Most people never have contact with the police, at least as a defendant or as the target of an investigation. Most people think “Oh that will never happen to me.” Guess what? It happens all the time.

It doesn’t take much for law enforcement to start looking at you as part of an investigation and before you know it, you have a business card stuck in your front door with a note from a detective or a police officer asking you to call them.

WHAT SHOULD YOU DO? The following are some tips on what to do and what not do if you are questioned – or more importantly, arrested – by the police.

  1. ALWAYS comply with the orders from police officers. You may not agree with them, but you are required to do so. One of the problems you can run into by not complying is to give the police a reason to arrest you. Once you are arrested, their ability to search you, your belongings and the area around you increases, and that is never good for you.

2. At the very beginning of any contact with the police, tell them you want to speak to an attorney. Why?

      • There is nothing you are going to say that will allow you to “talk your way out” of being charged.
      • Cooperating will not result in your charges being dismissed.
      • The only thing you will do by answering questions is incriminate yourself and do damage that cannot be undone later. Remember, everything you say can and WILL be used against you later.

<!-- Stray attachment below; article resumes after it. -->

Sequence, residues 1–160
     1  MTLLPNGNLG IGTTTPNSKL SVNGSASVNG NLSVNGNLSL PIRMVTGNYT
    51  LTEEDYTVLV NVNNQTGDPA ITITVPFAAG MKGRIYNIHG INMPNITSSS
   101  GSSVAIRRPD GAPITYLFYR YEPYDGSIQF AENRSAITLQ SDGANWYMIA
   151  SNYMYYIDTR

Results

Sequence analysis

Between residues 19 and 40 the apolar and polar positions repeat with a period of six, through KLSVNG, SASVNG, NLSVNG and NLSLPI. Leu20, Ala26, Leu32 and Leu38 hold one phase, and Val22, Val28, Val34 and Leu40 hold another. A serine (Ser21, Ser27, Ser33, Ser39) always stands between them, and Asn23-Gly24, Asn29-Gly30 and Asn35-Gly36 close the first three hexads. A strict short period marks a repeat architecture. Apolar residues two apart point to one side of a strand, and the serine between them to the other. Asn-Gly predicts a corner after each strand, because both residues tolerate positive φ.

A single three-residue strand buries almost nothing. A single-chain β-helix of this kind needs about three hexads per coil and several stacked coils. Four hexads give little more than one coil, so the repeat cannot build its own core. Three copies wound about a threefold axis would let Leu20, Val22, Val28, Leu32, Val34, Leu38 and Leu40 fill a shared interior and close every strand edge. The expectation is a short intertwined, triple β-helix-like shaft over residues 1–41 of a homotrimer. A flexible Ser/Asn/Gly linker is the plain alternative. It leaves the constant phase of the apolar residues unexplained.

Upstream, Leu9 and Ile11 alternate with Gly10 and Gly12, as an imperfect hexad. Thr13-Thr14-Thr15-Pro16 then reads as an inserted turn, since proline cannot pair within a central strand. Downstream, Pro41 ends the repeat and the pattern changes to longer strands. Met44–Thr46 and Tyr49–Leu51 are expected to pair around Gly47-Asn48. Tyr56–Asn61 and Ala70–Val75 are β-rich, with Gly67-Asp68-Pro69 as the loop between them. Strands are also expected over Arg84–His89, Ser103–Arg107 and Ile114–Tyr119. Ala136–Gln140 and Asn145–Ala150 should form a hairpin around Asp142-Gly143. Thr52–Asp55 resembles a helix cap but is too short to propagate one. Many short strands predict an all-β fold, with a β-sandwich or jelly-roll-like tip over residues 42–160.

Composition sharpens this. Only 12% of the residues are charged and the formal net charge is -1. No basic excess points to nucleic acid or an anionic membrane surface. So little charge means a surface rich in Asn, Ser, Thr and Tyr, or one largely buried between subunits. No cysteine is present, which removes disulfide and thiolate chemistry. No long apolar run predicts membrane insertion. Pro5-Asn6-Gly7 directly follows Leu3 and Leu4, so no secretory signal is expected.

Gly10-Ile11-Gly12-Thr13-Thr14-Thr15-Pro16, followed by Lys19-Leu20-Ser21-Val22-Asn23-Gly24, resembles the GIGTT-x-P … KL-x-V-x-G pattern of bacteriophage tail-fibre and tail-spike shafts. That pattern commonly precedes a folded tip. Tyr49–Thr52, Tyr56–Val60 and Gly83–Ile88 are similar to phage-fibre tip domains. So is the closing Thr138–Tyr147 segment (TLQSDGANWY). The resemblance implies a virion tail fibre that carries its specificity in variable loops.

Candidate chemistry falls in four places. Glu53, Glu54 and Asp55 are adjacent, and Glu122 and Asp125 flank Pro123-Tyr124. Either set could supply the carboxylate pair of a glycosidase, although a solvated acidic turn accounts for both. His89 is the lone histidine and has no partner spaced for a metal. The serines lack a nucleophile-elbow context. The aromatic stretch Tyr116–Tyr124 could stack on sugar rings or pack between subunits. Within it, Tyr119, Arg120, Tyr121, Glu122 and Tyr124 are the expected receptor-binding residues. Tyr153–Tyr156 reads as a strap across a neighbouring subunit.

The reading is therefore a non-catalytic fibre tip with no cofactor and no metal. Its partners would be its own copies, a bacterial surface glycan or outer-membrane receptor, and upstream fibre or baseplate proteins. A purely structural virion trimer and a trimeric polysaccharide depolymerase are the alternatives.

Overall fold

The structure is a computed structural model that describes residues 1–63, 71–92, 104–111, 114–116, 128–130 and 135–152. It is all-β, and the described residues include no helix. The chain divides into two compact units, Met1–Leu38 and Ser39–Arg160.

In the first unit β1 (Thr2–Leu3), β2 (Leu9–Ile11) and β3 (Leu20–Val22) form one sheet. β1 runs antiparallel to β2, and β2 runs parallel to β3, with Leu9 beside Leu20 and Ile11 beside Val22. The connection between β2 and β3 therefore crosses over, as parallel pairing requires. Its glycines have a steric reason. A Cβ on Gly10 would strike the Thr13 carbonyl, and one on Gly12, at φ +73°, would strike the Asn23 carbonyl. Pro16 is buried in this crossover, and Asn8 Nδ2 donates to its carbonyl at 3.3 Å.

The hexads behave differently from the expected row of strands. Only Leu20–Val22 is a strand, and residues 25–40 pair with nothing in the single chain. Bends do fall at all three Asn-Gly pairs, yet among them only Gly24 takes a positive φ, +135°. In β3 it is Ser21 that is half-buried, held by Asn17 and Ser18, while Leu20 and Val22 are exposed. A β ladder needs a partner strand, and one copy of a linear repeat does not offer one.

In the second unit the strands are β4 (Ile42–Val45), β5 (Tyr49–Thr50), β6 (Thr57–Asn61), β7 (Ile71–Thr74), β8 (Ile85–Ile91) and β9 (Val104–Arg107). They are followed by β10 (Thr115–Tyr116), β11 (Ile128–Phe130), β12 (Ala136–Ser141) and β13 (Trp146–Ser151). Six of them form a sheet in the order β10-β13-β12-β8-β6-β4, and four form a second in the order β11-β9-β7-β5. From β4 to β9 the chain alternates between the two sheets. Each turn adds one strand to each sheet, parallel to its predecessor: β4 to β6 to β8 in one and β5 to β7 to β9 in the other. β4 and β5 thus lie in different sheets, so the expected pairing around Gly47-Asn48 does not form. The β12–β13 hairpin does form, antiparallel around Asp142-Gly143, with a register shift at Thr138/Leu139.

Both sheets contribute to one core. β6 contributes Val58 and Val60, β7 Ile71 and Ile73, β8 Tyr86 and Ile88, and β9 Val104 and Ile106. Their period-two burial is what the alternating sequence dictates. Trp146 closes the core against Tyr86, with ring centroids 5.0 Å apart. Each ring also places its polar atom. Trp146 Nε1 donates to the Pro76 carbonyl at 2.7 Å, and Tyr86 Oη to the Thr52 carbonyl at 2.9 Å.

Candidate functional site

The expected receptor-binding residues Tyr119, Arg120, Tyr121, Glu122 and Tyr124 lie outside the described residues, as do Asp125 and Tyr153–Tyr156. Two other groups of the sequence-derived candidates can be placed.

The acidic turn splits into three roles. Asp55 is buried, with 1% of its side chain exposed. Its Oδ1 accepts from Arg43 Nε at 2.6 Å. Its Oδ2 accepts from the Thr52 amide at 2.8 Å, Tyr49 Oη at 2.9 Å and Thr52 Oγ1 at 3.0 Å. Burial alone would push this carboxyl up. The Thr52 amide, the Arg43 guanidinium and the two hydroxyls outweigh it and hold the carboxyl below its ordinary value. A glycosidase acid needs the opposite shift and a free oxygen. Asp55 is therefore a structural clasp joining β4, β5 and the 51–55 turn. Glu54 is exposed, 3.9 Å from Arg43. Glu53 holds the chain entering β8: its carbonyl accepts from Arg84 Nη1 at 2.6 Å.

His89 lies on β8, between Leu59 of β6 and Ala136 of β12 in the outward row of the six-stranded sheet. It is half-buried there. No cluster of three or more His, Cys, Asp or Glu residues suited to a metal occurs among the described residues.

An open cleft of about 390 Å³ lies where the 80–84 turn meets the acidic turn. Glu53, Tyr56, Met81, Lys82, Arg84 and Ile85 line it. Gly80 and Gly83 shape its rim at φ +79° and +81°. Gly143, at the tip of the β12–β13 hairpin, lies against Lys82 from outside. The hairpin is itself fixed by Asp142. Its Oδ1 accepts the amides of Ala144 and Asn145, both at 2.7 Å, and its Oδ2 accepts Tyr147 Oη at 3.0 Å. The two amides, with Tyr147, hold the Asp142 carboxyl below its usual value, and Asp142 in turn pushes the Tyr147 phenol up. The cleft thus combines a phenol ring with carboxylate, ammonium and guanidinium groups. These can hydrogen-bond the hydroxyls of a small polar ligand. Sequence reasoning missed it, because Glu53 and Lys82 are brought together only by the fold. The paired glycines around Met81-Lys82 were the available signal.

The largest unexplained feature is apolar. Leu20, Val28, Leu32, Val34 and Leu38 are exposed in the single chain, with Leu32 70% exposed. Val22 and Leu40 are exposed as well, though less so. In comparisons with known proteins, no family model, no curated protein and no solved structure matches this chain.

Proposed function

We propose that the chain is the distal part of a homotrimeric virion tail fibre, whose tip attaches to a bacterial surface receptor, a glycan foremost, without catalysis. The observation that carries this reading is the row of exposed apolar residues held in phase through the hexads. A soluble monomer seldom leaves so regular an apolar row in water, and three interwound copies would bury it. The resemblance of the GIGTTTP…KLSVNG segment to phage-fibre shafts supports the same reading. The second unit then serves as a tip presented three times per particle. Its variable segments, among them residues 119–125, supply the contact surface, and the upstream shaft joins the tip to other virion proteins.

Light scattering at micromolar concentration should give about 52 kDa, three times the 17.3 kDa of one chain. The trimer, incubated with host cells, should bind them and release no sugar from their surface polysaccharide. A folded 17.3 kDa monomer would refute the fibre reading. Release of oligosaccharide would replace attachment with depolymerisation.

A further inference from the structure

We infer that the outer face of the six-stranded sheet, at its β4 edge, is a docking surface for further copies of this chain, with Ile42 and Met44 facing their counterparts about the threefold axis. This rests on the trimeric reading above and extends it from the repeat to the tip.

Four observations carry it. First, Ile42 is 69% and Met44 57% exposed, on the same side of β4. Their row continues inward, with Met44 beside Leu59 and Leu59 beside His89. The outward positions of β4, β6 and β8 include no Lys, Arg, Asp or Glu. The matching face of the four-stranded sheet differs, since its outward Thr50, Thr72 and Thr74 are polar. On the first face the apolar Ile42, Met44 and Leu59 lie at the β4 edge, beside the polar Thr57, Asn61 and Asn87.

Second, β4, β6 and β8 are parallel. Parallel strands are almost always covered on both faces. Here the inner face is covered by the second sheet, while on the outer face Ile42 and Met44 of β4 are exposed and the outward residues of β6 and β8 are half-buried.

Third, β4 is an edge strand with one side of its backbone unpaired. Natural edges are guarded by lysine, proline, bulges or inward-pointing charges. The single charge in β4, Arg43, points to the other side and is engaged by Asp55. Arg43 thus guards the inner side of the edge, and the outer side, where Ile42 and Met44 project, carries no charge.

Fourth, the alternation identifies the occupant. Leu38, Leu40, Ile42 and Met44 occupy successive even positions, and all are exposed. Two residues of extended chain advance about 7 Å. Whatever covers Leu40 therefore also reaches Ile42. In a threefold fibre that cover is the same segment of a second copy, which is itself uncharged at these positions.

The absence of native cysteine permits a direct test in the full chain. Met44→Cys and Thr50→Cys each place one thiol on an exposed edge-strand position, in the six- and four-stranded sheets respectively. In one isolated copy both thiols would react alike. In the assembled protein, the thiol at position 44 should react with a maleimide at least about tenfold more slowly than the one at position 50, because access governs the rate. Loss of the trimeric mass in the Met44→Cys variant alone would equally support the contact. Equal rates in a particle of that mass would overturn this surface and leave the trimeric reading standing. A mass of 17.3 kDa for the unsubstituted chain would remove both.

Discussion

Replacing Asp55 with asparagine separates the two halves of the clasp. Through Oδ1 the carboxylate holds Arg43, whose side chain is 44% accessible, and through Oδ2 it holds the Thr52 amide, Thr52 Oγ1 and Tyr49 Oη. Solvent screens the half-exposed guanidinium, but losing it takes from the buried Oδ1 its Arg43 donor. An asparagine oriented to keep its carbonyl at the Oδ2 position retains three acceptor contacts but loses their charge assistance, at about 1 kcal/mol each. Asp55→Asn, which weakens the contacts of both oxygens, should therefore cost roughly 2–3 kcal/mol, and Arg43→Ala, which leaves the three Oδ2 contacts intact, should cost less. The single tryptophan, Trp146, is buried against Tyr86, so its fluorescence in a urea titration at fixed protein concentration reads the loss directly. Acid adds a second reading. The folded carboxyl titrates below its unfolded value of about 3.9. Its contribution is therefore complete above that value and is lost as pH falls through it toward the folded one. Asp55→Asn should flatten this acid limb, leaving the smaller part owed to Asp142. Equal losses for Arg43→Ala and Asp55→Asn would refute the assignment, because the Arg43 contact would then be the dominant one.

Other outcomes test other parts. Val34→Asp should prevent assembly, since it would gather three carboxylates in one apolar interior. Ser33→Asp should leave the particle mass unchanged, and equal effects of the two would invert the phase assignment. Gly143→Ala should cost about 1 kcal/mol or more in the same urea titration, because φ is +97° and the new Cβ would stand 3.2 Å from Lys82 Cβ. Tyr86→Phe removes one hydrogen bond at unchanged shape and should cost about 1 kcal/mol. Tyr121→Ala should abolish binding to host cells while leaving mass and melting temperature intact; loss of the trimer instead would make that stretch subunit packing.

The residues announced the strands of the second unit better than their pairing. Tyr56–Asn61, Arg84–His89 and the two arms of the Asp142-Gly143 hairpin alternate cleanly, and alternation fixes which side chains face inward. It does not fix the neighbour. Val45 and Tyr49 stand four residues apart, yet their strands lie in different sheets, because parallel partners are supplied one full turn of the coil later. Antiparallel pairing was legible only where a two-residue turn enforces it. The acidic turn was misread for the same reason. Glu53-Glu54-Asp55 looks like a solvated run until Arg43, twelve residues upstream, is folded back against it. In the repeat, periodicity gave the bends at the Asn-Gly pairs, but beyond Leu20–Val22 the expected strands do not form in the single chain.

• Despite what you are told, a lawyer is better prepared than you are to help you.
      • Although it’s hard to believe, the police can lie or stretch the truth to get you to incriminate yourself or even confess. And they often do.

3. Don’t ever consent to a search of your car, house, person, cell phone, computer or anything else. With limited exceptions, the police are required to obtain a warrant to search these areas and items, oftentimes, even to draw samples of your blood or other bodily fluids and/or tissue for DNA testing.

4. If you find out a warrant is outstanding for your arrest, CALL A LAWYER! In some instances, a lawyer can help you avoid being locked up. Lawyers know the best time to deal with turning yourself in so you don’t get stuck in jail waiting for the judge to set bond. It is also a good idea to line up people you know who can help put together cash and have it ready to post bond when it is set. Getting out on bond is important, because it is much more effective for you and your lawyer to meet outside of jail than in jail.

These are just a few of the things you should remember if approached by the police. No one in the court system – not the police, not the prosecutor or anyone else – is looking out for YOUR interests. The only ally you have when dealing with the police is your lawyer. Our job is to do everything in our power to protect your rights and interests. It’s what we do.

I want to be clear that none of this is intended to disrespect police: They have a job to do. But an attorney also has a job to do. It’s critical for you to know that asking for an attorney does NOT implicate you, and in no way is it an admission of guilt. My job as your attorney is to protect you and your constitutional rights, and I can only do that if you call me.

Please feel free to give me a call at 859-255-0050 if you have questions about any of this. I will be happy to talk with you. And, if you are arrested – day or night – call my cell phone at 859-270-1255 – I will answer!